Health and Child Care minister David Parirenyatwa yesterday told Parliament that Premier Service Medical Aid Society (Psmas) mega salary earners could be arrested if an investigation underway finds they acted illegally.


He also said all the money illegally earned would be recovered if the forensic audit found their remuneration was not above board.

Parirenyatwa spoke a day after Zimra commissioner-general Gershom Pasi appeared before the Parliamentary portfolio committee on Foreign Affairs.

Pasi warned that Zimrawould soon pounce on more businesses and megasalary earners by issuing garnish orders for understated taxes.

Parirenyatwa appeared before the Parliamentary portfolio committee on Heath and Child Care chaired by MDC-T MP Ruth Labode to speak on Psmas, the Bulawayo Ekusileni Medical Centre and the Health Transition Fund pertaining to scrapping of maternal user fees.

MPs asked him to explain the measures his ministry had taken to ensure Psmas executives’ obscene salaries issues did not recur.

“It is true that the salaries were insane, but what we have then done after this impasse was to put things into proper place, and put up a six-member committee led by Dr Gibson Mhlanga to oversee the legal aspect of setting up an AGM and so there is no real vacuum now,” Parirenyatwa said.

“There will be a remuneration forensic audit to say you earned so much and how did you earn it — who gave you the permission to earn it — and we are giving them timelines so that the audit reveals what has happened.

Psmas was struggling to service a $40 million debt to service providers while its top management was gobbling at least $1 million monthly in basic salaries and allowances.

Former Psmas chief executive Cuthbert Dube was reportedly earning over $500 000 per month. However, he disputes the figures.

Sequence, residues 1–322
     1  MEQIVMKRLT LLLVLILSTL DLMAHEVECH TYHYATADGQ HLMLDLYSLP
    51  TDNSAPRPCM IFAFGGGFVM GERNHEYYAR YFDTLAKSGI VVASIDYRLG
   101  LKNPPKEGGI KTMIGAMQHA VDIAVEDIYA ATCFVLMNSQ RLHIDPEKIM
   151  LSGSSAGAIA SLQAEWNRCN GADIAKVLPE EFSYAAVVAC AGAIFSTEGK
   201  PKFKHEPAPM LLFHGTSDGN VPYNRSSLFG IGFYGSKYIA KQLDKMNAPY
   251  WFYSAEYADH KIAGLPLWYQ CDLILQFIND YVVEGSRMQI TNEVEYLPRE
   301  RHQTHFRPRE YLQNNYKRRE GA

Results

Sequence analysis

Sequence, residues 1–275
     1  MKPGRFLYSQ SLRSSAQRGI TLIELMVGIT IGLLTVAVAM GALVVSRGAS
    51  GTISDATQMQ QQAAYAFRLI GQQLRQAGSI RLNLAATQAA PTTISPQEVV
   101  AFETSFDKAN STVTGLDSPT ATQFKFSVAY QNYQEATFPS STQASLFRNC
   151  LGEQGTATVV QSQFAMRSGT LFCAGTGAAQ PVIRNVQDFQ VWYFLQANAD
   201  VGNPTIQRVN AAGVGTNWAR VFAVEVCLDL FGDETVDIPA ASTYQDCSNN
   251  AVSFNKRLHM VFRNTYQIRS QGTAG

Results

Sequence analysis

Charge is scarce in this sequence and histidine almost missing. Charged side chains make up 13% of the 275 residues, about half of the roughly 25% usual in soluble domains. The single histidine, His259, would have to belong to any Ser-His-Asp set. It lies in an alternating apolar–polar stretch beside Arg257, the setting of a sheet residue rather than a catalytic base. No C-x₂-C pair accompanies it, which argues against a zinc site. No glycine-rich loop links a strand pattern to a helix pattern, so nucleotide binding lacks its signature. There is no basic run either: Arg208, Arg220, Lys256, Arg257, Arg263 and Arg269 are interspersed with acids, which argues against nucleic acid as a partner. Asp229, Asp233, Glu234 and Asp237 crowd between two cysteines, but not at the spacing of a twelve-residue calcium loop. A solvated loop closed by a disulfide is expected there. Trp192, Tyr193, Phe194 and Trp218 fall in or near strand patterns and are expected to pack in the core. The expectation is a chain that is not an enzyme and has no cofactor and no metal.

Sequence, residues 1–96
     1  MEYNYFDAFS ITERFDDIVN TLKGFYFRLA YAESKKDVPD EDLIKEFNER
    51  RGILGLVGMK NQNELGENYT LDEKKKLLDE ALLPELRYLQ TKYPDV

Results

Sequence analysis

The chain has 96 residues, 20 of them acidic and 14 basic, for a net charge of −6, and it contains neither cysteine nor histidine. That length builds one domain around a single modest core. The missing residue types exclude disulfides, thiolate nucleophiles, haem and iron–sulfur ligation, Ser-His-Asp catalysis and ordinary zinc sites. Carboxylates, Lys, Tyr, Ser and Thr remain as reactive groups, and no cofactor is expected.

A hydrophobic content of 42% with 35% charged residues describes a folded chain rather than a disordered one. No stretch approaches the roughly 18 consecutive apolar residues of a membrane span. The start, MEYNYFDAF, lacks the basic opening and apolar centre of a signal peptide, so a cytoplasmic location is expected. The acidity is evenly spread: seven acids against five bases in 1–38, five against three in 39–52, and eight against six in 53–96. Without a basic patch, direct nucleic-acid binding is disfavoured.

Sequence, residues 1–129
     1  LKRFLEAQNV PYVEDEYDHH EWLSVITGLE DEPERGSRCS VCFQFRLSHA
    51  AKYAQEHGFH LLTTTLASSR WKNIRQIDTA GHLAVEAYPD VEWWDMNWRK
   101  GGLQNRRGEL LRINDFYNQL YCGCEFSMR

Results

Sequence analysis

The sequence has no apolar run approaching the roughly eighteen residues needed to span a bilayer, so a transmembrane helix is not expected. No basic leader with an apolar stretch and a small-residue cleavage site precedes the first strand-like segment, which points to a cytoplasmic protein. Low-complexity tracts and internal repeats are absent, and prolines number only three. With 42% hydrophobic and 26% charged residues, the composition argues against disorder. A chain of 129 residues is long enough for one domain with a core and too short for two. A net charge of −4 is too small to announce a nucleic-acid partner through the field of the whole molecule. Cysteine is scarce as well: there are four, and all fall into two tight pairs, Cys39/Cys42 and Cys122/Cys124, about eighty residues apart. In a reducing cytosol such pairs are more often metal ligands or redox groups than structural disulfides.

On Bulawayo’s Ekusileni Medical Centre that has been lying idle for a decade. Parirenyatwa agreed with the assertions of the committee that there was likelihood of an ownership wrangle. This followed claims by NSSA that it owned the hospital, while the family of the late Vice-President Joshua Nkomo was said to have been the owners of the land.

Some doctors identified as Nyathi and Tarungwa, as well as those led by Daud Dube also claimed to have put in some investment into the hospital.

On maternity user fees, Parirenyatwa said Zimbabwe still had a high maternal mortality rate of 525 deaths per 100 000 births.

He said the major factors were payment of user fees, inappropriatecare during delivery, and lack of health care facilities where expecting mothers ended up being helped by traditional midwives.

Labode said it was not wise to do away with the attendants as some remote areas had no access to medical institutions, adding their skills should be sharpened.

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